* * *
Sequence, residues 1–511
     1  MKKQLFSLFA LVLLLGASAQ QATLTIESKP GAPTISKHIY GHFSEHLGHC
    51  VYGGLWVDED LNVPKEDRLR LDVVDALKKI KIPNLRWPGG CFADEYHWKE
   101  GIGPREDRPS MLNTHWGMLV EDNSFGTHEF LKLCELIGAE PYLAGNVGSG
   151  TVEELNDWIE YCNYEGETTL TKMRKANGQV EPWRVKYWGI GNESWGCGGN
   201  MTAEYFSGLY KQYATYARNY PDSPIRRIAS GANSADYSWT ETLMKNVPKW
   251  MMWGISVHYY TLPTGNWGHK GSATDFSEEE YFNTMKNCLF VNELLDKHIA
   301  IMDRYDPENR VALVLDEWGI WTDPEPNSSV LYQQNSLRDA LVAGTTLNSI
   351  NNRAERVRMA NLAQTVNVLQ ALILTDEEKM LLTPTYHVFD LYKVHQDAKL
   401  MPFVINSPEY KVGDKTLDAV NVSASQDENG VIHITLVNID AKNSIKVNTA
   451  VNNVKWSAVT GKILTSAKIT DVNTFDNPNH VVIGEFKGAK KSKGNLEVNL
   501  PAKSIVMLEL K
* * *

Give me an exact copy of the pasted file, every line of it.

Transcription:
Sequence, residues 1–511
     1  MKKQLFSLFA LVLLLGASAQ QATLTIESKP GAPTISKHIY GHFSEHLGHC
    51  VYGGLWVDED LNVPKEDRLR LDVVDALKKI KIPNLRWPGG CFADEYHWKE
   101  GIGPREDRPS MLNTHWGMLV EDNSFGTHEF LKLCELIGAE PYLAGNVGSG
   151  TVEELNDWIE YCNYEGETTL TKMRKANGQV EPWRVKYWGI GNESWGCGGN
   201  MTAEYFSGLY KQYATYARNY PDSPIRRIAS GANSADYSWT ETLMKNVPKW
   251  MMWGISVHYY TLPTGNWGHK GSATDFSEEE YFNTMKNCLF VNELLDKHIA
   301  IMDRYDPENR VALVLDEWGI WTDPEPNSSV LYQQNSLRDA LVAGTTLNSI
   351  NNRAERVRMA NLAQTVNVLQ ALILTDEEKM LLTPTYHVFD LYKVHQDAKL
   401  MPFVINSPEY KVGDKTLDAV NVSASQDENG VIHITLVNID AKNSIKVNTA
   451  VNNVKWSAVT GKILTSAKIT DVNTFDNPNH VVIGEFKGAK KSKGNLEVNL
   501  PAKSIVMLEL K